Harmony Day

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Harmony Day is celebrated annually on March 21st in Australia. Harmony Day began in 1999, coinciding with the United Nations International Day for the Elimination of Racial Discrimination. Each year, it is marked by people coming together and participating in local activities. The continuing message of Harmony Day is 'Everyone Belongs'. It is about community participation, inclusiveness, celebrating diversity, respect and belonging. The national colour for harmony day is Orange.

Communities themselves decide how they would like to come together to mark the occasion – some have morning teas, others organise a fair and some celebrate by dressing in national costumes. Since 1999, a wide variety of groups including sports organisations, community groups, local government, churches, schools and businesses have staged more than 55,000 Harmony Day events.[citation needed]

Diversity[edit]

Harmony awareness ribbon

The Diversity and Social Cohesion Program has two key elements: Community Grants and Harmony Day. The Diversity Cohesion Program provides funding, education and information to help organisations create a spirit of inclusiveness, and helps ensure all Australians are treated fairly regardless of their cultural background or circumstance.[1]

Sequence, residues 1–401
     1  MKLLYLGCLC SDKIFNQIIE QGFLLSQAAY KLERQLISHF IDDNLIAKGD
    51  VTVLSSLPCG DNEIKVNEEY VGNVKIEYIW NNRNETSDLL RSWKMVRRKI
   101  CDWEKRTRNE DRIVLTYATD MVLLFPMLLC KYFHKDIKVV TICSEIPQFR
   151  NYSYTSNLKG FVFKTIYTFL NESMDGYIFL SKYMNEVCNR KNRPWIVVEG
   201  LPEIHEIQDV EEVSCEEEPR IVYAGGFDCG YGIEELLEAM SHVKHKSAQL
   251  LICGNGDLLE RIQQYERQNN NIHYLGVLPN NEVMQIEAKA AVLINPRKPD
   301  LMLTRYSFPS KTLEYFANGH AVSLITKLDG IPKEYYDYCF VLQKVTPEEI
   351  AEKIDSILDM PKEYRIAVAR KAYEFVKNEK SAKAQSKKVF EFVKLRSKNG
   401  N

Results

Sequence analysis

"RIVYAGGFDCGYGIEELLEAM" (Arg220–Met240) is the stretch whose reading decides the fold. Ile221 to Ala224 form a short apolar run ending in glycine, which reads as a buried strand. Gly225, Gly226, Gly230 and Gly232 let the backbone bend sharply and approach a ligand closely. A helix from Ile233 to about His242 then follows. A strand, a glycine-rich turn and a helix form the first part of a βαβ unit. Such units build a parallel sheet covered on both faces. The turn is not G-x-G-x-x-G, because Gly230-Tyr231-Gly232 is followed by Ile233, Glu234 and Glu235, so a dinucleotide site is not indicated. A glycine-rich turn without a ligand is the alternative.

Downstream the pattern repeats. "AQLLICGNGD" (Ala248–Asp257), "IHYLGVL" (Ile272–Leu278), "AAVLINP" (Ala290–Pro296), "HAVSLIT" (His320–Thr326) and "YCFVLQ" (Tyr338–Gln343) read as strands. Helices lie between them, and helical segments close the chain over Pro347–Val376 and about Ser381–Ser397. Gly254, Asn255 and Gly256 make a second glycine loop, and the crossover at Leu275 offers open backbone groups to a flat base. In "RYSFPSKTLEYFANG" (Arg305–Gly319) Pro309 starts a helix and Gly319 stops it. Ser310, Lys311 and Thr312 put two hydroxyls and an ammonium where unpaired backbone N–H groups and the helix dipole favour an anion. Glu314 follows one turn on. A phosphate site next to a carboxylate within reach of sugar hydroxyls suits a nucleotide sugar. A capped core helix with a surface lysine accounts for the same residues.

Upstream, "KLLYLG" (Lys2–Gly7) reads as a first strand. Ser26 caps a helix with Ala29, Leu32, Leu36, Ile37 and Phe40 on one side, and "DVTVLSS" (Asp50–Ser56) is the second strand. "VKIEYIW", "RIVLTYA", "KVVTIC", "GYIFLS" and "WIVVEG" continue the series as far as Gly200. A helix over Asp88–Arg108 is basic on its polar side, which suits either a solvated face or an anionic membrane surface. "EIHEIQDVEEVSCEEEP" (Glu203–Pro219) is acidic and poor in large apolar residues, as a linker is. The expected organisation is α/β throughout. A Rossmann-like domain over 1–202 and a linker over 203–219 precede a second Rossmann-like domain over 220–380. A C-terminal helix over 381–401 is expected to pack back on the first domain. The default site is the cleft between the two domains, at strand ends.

Criticism[edit]

Dan Ryan, writing in The Australian in 2011, criticised Harmony Day, likening it to government projects in China. He said that events like Harmony Day are aimed at oppression of liberties in China, and are therefore impossible to achieve in a democratic country such as Australia.

"The problem with the harmonious society is not just the disconnect between the rhetoric and the reality. The truth is, while superficially sweet-sounding, the idea is illusory and utopian. We may all wish in the abstract that everyone got along, but the reality is that free societies by their nature are cacophonous, argumentative and full of dissent."[2]

He also said that multiculturalism was being whitewashed by the government and media.

"If it is decided that we must restrict speech or avoid discussing certain subjects to keep the peace over an apparently combustible population, might now not be the time to ask whether this type of harmony is worth celebrating?"[2]

Grette Toner, in an Australian Curriculum Studies Association paper titled Beyond Harmony: Rethinking Intercultural Learning for Australian Primary Schools, visited a primary school and found the day's activities to be "largely symbolic...difficult to gauge what students learned". Criticism was also aimed at the school for not involving anybody from outside of it.[3]

References[edit]

  1. ^ "About – Harmony week". www.harmony.gov.au.
  2. ^ a b "Living in harmony a mixed blessing". www.theaustralian.com.au. 11 March 2011.
  3. ^ Lauren. "Beyond harmony: rethinking intercultural learning for Australian primary schools" (PDF). Retrieved 10 March 2019.